Ganoderma lucidum (Reishi) an edible mushroom; a comprehensive and critical review of its nutritional, cosmeceutical, mycochemical, pharmacological, clinical, and toxicological properties

Phytother Res. 2021 Nov;35(11):6030-6062. doi: 10.1002/ptr.7215. Epub 2021 Aug 19.


Reishi owes an exceptional value in nutritional, cosmeceutical, and medical treatments; however, none of the studies has provided its future-driven critical assessment. This study documents an up-to-date review (2015-2020, wherever applicable) and provide valuable insights (preclinical and clinical evidence-based) with comprehensive and critical assessments. Various databases 'Google scholar', 'Web of Science', 'ScienceDirect', 'PubMed', 'Springer Link', books, theses, and library resources were used. The taxonomic chaos of G. lucidum and its related species was discussed in detail with solution-oriented emphasis. Reishi contains polysaccharides (α/β-D-glucans), alkaloids, triterpenoids (ganoderic acids, ganoderenic acids, ganoderol, ganoderiol, lucidenic acids), sterols/ergosterol, proteins (LZ-8, LZ-9), nucleosides (adenosine, inosine, uridine), and nucleotides (guanine, adenine). Some active drugs are explored at an optimum level to make them potential drug candidates. The pharmacological potential was observed in diabetes, inflammation, epilepsy, neurodegeneration, cancer, anxiety, sedation, cardiac diseases, depression, hepatic diseases, and immune disorders; however, most of the studies are preclinical with a number of drawbacks. In particular, quality clinical data are intensely needed to support pharmacological activities for human use. The presence of numerous micro-, macro, and trace elements imparts an essential nutritional and cosmeceutical value to Reishi, and various marketed products are available already, but the clinical studies regarding safety and efficacy, interactions with foods/drinks, chronic use, teratogenicity, mutagenicity, and genotoxicity are missing for Reishi. Reishi possesses many valuable pharmacological activities, and the number of patents and clinical trials is increasing for Reishi. Yet, a gap in research exists for Reishi, which is discussed in detail in the forthcoming sections.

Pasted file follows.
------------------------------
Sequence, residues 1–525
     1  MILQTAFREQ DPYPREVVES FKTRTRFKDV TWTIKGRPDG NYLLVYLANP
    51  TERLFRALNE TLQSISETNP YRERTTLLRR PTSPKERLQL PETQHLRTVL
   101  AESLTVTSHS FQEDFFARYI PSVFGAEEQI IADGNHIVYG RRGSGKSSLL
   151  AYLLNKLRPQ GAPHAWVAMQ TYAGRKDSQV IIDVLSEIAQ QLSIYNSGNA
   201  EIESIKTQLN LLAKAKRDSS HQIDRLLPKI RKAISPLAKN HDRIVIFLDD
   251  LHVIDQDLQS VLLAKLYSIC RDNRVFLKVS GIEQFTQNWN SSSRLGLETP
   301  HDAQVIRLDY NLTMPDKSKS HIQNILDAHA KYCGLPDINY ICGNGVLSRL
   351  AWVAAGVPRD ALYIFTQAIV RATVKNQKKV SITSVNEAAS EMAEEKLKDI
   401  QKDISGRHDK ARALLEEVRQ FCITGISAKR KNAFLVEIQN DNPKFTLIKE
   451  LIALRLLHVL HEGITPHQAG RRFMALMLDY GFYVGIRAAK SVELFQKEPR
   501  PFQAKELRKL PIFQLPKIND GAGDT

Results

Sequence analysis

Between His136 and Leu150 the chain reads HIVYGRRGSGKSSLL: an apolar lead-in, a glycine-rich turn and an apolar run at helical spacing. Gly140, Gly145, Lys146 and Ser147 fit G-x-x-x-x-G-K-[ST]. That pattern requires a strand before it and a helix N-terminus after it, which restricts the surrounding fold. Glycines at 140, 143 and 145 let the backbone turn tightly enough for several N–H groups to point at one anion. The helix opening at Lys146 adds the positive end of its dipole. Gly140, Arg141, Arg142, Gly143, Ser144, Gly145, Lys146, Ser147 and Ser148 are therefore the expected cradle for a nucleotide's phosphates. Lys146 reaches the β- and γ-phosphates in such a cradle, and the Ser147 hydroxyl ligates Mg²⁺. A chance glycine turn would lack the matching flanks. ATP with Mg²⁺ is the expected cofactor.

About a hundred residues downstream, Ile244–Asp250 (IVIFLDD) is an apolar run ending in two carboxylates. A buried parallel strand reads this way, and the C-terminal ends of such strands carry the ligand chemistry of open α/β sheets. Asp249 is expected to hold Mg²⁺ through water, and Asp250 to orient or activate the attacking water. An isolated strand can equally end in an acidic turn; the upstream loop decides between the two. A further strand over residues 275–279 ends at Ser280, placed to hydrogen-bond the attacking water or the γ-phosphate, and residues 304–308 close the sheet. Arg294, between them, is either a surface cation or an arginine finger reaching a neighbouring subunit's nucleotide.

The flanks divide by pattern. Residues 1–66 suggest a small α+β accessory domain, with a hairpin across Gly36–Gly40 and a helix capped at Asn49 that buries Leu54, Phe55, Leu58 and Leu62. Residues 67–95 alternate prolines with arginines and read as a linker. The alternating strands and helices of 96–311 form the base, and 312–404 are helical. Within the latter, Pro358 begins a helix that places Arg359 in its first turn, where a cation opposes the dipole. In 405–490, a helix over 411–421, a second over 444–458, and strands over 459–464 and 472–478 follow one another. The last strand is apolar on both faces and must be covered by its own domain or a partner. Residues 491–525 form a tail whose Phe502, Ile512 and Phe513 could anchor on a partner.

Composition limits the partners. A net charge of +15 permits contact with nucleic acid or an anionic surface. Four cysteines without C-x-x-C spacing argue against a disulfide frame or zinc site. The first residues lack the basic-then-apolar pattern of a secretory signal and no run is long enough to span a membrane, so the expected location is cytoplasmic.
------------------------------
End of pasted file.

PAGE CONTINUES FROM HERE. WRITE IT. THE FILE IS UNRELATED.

Keywords: Ganoderma lucidum; comprehensive; critical; mycochemistry; reishi.

Publication types

  • Review

MeSH terms

  • Agaricales*
  • Cosmeceuticals*
  • Humans
  • Neoplasms*
  • Reishi*


  • Cosmeceuticals